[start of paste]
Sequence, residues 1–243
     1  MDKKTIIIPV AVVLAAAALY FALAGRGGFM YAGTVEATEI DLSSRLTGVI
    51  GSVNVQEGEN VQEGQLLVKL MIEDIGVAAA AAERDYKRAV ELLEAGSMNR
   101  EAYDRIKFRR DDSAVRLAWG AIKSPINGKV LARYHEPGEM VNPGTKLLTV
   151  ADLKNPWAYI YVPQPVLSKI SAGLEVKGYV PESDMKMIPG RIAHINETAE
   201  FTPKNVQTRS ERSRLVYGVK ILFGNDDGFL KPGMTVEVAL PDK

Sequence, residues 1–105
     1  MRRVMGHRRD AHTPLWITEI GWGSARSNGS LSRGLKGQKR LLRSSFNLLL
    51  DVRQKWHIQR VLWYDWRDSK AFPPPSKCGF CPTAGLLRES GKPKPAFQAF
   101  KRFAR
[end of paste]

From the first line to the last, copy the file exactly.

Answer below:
Sequence, residues 1–243
     1  MDKKTIIIPV AVVLAAAALY FALAGRGGFM YAGTVEATEI DLSSRLTGVI
    51  GSVNVQEGEN VQEGQLLVKL MIEDIGVAAA AAERDYKRAV ELLEAGSMNR
   101  EAYDRIKFRR DDSAVRLAWG AIKSPINGKV LARYHEPGEM VNPGTKLLTV
   151  ADLKNPWAYI YVPQPVLSKI SAGLEVKGYV PESDMKMIPG RIAHINETAE
   201  FTPKNVQTRS ERSRLVYGVK ILFGNDDGFL KPGMTVEVAL PDK

Sequence, residues 1–105
     1  MRRVMGHRRD AHTPLWITEI GWGSARSNGS LSRGLKGQKR LLRSSFNLLL
    51  DVRQKWHIQR VLWYDWRDSK AFPPPSKCGF CPTAGLLRES GKPKPAFQAF
   101  KRFAR